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Sudden Death in Young Athletes Not Identified in Screening Process: Minneapolis Heart Institute Foundation

12:38 PM, Mar 12, 2013   |    comments
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(WUSA 9) -- Are pre-screening health exams doing enough to protect young athletes? 

The screening process for young athletes has been unsuccessful in detecting heart abnormalities, according to the Minneapolis Heart Institute Foundation (MHIF).

What's even more alarming is that players were allowed to participate, despite warning signs of cardiovascular problems.

Researchers at MHIF studied a condition called aortic stenosis.  Aortic stenosis is considered rare, but a major reason for sudden deaths in young athletes.  The condition is when the aortic heart valve does not fully open.  It becomes a serious danger when the aortic wall ruptures.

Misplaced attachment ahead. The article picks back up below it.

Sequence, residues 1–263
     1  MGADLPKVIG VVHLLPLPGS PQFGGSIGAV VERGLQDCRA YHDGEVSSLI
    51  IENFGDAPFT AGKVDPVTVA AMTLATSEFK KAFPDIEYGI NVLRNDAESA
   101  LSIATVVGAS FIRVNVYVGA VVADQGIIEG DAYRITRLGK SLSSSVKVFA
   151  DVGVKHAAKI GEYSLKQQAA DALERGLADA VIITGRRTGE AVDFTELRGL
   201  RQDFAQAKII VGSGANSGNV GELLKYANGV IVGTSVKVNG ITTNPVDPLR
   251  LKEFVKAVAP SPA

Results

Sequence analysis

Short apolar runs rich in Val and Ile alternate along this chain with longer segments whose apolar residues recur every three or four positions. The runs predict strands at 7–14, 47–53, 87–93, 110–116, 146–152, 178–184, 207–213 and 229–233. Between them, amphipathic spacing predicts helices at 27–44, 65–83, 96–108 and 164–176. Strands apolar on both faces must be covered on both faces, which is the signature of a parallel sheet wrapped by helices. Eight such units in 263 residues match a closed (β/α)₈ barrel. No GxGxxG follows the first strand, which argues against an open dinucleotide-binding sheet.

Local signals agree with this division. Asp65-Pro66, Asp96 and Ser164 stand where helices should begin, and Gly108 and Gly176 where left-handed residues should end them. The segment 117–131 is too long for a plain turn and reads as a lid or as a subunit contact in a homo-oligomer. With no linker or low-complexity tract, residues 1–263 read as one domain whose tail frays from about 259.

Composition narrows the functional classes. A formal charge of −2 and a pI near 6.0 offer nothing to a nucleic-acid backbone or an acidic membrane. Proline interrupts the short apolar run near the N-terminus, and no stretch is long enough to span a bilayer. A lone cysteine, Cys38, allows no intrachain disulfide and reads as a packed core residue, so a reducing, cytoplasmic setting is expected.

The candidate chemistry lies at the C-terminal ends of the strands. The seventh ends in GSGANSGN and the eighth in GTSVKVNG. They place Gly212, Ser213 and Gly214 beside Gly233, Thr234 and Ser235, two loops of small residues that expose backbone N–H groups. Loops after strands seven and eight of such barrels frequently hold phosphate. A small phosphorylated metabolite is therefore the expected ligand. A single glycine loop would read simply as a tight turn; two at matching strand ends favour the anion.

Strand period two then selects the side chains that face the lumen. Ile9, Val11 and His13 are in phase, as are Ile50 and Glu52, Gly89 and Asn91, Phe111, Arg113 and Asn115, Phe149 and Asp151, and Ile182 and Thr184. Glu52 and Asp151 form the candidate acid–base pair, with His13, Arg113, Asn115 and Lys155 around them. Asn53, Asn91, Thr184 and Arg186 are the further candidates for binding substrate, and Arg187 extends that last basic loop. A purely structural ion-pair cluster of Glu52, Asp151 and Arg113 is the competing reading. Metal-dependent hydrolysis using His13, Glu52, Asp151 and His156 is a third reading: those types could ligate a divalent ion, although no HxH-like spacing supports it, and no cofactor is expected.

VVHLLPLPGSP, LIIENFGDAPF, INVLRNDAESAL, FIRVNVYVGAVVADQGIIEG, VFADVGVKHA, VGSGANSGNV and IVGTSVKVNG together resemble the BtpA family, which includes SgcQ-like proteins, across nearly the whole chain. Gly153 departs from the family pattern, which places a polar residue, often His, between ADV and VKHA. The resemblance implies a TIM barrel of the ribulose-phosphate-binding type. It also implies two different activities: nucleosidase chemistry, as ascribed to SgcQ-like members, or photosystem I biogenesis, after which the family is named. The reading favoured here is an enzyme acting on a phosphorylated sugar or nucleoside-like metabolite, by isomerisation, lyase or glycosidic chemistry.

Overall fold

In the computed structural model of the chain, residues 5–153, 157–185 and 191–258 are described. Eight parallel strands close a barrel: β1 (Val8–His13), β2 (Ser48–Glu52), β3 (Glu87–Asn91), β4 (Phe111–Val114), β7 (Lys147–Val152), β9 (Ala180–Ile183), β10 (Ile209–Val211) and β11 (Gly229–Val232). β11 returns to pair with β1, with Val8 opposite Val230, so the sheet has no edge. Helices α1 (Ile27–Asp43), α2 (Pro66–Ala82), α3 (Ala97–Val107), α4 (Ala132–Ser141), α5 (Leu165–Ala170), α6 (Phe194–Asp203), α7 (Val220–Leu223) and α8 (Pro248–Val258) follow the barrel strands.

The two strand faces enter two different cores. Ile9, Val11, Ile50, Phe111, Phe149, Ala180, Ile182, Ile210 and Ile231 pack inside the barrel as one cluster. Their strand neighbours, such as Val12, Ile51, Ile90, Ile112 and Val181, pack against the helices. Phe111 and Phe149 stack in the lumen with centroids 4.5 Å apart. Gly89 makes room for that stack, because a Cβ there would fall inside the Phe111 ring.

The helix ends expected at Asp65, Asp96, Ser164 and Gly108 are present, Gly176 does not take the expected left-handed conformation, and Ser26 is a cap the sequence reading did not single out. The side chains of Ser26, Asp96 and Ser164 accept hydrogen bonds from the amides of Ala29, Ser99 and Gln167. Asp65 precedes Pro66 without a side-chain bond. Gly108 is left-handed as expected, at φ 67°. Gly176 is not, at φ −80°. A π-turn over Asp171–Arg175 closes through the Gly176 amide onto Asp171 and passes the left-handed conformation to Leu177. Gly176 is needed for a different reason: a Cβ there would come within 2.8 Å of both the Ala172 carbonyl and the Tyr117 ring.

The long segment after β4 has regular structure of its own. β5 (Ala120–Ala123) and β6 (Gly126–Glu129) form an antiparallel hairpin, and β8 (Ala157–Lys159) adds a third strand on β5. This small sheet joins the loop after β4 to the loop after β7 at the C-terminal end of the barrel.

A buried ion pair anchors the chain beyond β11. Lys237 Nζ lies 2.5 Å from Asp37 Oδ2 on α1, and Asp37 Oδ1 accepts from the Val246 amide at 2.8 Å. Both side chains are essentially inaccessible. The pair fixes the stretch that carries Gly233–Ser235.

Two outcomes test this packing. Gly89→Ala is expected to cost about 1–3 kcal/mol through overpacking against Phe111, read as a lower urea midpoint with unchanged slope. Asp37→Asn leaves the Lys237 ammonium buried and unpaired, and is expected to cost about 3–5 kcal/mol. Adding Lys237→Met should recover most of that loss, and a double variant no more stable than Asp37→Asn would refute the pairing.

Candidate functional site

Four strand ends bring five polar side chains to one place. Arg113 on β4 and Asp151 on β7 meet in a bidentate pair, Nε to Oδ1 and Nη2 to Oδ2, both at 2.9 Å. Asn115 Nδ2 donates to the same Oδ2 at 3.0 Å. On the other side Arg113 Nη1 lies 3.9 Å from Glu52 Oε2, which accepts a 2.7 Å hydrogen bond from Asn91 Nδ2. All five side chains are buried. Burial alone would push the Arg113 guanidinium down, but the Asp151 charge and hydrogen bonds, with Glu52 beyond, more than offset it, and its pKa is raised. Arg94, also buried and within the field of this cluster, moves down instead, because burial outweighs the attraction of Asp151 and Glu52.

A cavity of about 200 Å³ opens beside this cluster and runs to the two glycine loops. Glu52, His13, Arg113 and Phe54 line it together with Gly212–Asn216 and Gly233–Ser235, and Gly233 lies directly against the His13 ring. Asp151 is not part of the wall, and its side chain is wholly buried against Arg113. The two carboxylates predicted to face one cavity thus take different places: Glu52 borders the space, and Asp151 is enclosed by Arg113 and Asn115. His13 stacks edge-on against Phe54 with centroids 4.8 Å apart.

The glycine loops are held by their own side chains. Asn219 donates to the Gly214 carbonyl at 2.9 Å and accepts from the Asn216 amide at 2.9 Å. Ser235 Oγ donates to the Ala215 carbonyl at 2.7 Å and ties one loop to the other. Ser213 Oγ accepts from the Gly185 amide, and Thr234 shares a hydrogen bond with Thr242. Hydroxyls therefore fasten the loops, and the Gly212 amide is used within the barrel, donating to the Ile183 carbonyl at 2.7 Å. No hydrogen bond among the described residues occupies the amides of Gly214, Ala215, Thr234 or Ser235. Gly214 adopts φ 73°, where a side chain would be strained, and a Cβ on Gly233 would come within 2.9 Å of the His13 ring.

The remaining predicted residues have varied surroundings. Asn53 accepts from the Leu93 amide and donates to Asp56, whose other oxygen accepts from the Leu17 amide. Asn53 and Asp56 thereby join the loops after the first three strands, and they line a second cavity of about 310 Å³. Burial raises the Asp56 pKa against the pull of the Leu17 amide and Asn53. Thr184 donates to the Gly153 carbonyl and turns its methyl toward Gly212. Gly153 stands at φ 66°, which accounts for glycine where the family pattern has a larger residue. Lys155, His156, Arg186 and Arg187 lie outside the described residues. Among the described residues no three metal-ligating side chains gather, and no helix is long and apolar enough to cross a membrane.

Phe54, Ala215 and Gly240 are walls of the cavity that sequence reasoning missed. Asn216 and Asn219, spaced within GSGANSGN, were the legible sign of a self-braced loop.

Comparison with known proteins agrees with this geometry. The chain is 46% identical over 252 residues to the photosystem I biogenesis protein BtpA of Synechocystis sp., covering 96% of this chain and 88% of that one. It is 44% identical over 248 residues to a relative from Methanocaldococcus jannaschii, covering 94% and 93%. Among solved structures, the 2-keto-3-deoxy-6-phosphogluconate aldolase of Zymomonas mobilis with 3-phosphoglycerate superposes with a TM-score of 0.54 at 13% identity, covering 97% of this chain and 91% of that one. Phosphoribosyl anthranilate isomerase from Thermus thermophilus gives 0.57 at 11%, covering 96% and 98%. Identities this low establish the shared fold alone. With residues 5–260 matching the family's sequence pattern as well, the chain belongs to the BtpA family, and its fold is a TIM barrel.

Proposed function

There were 44 out of 2,588 sudden deaths studied by the MHIF that were linked to aortic stenosis or aortic disease, with 19 being directly linked to aortic stenosis, and 18 of the aortic stenosis deaths occurring just after exercise. 

The two sports that saw the highest number of sudden deaths were football and basketball, with males being significantly more affected than females.

So why don't athletes get screened by cardiologists?

For 34 of the deaths, the MHIF found that 15 athletes were screened by a cardiologist.  Yet cardiologist screenings did not seem to prevent sudden death, even when two of the athletes visited a cardiologist just one day before their deaths.

So why not try an even more aggressive method, like ECG screenings?

ECG tests look for problems with the heart's electrical activity and search for the source of unexplained chest pain.

Even using history, a physical exam or 12-lead ECG screening, cardiovascular disease would only be detected in one out of 1 million athletes, according to researchers at MHIF.

"This is a controversial issue because some are suggesting that all young competitive athletes should be screened with a 12-lead ECG screening, which would be a massive and costly undertaking," says the study's lead author, Barry J. Maron, MD.

With only about 30% of athletes benefiting from ECG screenings, Maron does not think the rate is high enough to alter the nation's current screening methods.

 

 

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